NEW YORK — LVMH Moët Hennessy Louis Vuitton has raided Oscar de la Renta Ltd. of its chief executive officer, who is believed to be headed to the helm of Marc Jacobs International.
Jeffry M. Aronsson, a former corporate attorney who led a turnaround of de la Renta’s business affairs during the past decade, announced his resignation on Monday, saying he had been recruited by LVMH. Although he would not comment on his specific plans, several sources said Aronsson would join Marc Jacobs, possibly replacing Scott Bowman, who joined the company as ceo almost a year ago.
This story first appeared in the January 7, 2003 issue of WWD. Subscribe Today.
Robert Duffy, the longtime president of Marc Jacobs who helped found the company, declined to comment on Monday, while Bowman, who had extensive retail experience before joining the firm, said he wasn’t aware of any changes in order. “I’m not looking to leave, but at this point, I cannot say anything,” Bowman said.
In announcing his resignation from Oscar de la Renta, Aronsson described the decision to leave as a melancholy one, made more difficult by the bonds he developed with the designer since de la Renta persuaded him to give up a career in corporate law to become his president and ceo in 1994.
While affable and consistently enthusiastic about the garment business, the 49-year-old Aronsson has also maintained the careful and measured approach of a lawyer during his tenure at the designer company, building a reputation in the industry for improving the image of its product through disciplined licensing, without damaging the brand. Speaking to that point, de la Renta has half as many licenses as when Aronsson joined the company, but triple the sales.
“This has been an incredible experience for me,” Aronsson said in a telephone interview Monday. “The mission I set out to accomplish has been achieved, and now I am going to undertake a brand new challenge on an expanded playing field.”
If Aronsson is headed to Marc Jacobs, it would mark the third top-level executive reorganization at an LVMH brand in recent months. In September, Fred Wilson, a close friend of Aronsson’s, moved from his role as ceo of LVMH Fashion Group, Americas, to become ceo of Donna Karan International, and, in December, Yves Carcelle, the head of LVMH’s fashion and leather goods division, took over the ceo reins from Marcello Bottoli at Louis Vuitton, where Jacobs is also the designer. Jacobs and Duffy remain partial owners in the Marc Jacobs business.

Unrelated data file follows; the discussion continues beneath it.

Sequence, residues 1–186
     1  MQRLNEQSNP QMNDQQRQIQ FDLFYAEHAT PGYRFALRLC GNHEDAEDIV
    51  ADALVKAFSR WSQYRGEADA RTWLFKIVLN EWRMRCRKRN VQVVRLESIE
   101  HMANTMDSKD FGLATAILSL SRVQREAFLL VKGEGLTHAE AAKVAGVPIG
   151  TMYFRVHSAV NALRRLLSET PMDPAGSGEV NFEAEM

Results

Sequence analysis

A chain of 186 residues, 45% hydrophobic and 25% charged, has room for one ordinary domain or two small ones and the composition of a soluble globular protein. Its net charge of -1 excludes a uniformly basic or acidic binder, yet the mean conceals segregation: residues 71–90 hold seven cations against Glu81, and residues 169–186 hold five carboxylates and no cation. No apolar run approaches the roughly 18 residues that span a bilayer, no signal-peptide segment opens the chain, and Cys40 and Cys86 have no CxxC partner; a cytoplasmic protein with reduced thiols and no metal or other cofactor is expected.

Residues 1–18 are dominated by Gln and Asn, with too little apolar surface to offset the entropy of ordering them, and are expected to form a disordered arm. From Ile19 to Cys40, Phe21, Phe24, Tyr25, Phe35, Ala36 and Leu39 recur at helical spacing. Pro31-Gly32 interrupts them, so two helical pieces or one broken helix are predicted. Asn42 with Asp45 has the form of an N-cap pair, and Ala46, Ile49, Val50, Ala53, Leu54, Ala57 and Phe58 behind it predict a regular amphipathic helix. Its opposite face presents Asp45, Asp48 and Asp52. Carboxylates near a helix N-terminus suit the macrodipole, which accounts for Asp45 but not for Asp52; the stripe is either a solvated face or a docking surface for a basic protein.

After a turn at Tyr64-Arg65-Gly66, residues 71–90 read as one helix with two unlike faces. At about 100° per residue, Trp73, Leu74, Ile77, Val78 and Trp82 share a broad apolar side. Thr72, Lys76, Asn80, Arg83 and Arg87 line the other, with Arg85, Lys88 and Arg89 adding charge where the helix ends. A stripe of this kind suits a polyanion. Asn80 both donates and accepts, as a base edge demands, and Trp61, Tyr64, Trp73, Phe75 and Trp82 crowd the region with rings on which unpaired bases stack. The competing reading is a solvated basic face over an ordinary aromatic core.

An announcement about Aronsson’s next position could come this week.
“We will certainly miss Jeff and we wish him the best of luck,” de la Renta said on Monday. “At this point we are not planning on naming a successor. We have a great team and we ended the year on a financially strong foot — and as one of the top four resources at Bergdorf Goodman and as the best-selling American designer at Saks Fifth Avenue.”
Since de la Renta stepped down as Balmain’s couturier in July, the designer said he has more time to devote to his namesake company. This is a primary reason for not filling the position, de la Renta said.
At de la Renta, Aronsson has developed a track record for attracting key talent, as well as building the designer’s business in emerging markets in Asia and Latin America, which are both viewed as important areas of growth for Jacobs, a business with sales estimated at more that $50 million through its collection, Marc by Marc Jacobs and retail operations. Marc Jacobs is continuing its retail expansion in Asia, with new collection stores at the Landmark in Hong Kong and the Regent in Taipei, a Marc by Marc Jacobs store in Hong Kong’s Pacific Place and explorations taking place in Beijing and Shanghai.
His legal background has also proven to be an asset to de la Renta, as Aronsson’s contractual skills have resulted in better control over existing licensed products, as well as the recent introduction of three categories: bridal, intimates and furniture. De la Renta has about 15 licenses now, down from 31 when Aronsson joined the firm nine years ago, as de la Renta’s former partner, Gerald Shaw, with whom he acquired the company from Shaw’s father, Ben, in 1965, was winding down his involvement. The company’s long-standing debts, which once weighed upon its future prospects, have since been eliminated, and sales of de la Renta’s collection business are now estimated at $50 million a year, plus an additional $600 million at retail with licensed goods.